He was also one of the so-called “Gang of Five,” a progressive group of council members, including Abbe Wolfsheimer, Linda Bernardt, Bob Filner and Wes Pratt, who joined together on several issues, including a contentious redistricting battle.
But for all his action, Hartley was considered inconsistent, even “scatterbrained,” when it came to the nuts and bolts of his job, say longtime political observers.
“He was very passionate about his work,” said lobbyist Richard Ledford. “But I can’t say he was very strong on the policy side of things.”
The former staffer said, “He actually had a lot of good ideas that were later implemented by at least one mayor.”
By many accounts, including his own, Hartley was not a good manager and one former aide, Scholl, characterized him as an ogre who hired and fired with abandon. His office had the highest turnover on City Council, with at least 40 people churning through his office during his tenure, say former staffers.
His moods were unpredictable, and many times harsh, say his former subordinates. He would veer from high-octane manic states to near immobile depressions. Often, decisions made during one extreme would be reversed when he hit another.
“Often he would take it out on his own staff — or city staff — when he perceived things were going wrong,” said the former staffer.
Scholl was more pointed in his description of the atmosphere created by Hartley.
“If you talk with anyone who worked for him, he was without a doubt the most scatterbrained idiot that ever was,” Scholl said. “He had very serious emotional problems.”
Scholl said staffers kept an informal tally of tenures inside the office. One aide lasted only two weeks, another, after talking to people about Hartley, never showed up for work, Scholl said.
Shepard, the political consultant, said Hartley had a tendency to “cast about” from issue to issue, and grew increasingly dissatisfied as time wore on.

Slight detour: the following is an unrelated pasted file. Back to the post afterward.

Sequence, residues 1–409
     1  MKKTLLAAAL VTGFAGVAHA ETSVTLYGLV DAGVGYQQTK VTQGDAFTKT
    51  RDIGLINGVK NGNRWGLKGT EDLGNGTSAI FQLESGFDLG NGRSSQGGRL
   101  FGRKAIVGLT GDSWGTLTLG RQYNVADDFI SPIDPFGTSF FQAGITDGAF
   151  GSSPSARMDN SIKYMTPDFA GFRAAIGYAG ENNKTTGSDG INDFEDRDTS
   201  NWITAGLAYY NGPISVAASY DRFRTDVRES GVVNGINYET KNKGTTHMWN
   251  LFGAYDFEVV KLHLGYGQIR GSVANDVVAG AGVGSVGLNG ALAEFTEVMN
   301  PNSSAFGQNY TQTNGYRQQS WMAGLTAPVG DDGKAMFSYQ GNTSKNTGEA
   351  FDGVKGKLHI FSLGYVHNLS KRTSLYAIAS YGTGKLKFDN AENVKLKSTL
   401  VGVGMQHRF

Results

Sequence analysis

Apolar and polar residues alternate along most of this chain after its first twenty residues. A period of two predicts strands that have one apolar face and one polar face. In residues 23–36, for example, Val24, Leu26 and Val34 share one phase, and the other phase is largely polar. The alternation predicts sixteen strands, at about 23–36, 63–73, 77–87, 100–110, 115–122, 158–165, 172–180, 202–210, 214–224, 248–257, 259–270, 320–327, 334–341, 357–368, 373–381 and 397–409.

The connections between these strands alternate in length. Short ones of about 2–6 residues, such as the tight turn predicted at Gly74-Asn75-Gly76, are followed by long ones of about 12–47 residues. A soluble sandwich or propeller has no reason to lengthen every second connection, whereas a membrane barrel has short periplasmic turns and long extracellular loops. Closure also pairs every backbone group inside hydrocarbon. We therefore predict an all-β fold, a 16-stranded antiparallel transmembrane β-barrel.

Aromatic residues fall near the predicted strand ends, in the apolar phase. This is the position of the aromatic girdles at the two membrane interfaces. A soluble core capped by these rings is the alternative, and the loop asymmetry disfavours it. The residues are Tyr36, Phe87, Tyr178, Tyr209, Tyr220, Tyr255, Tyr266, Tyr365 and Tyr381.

“It was obvious for a long time that he was very, very frustrated with the way city government worked,” Shepard said.
Nonetheless, Hartley’s decision not to seek re-election in 1993 came as a shock to both those inside his office and throughout the political establishment. Especially given that he had set up a campaign staff and began fundraising.
When he heard of the decision, Scholl remembers urging him to think about it for a week or so before making it official.
“I figured he was in his depressive stage, and a week later he would be in a manic stage and want to undo the decision,” Scholl said.
But he didn’t wait, saying he never promised to stay longer than one term. And in his final months, Hartley acknowledged that he was a difficult boss. “I think I can be a son of a gun to work with,” he told The San Diego Union-Tribune as he was leaving office. “I’m very demanding of myself, and I think I’m demanding of other people.”
Hartley eventually regained his thirst for politics, running unsuccessfully for the District 3 seat in both 2000 and 2004. And this year he was running in his usual style, seemingly spending more money on shoe leather than TV spots or mailers.
Conventional wisdom among political handicappers had Hartley running a close third behind Gloria and Whitburn, with a good chance at making the November runoff — before last week’s incident. His chances, most say, have dimmed considerably since.
“Whatever the issue was, the perception is a killer,” said Ledford, referring to the incident.
Vista Street resident Evelyn Ketchum, who has received two visits from Hartley in recent months, says she is withholding judgment.
“He was just as nice as anyone else,” said Ketchum, who lives across the street from where the incident allegedly took place. “I would have never expected anything unruly from him.”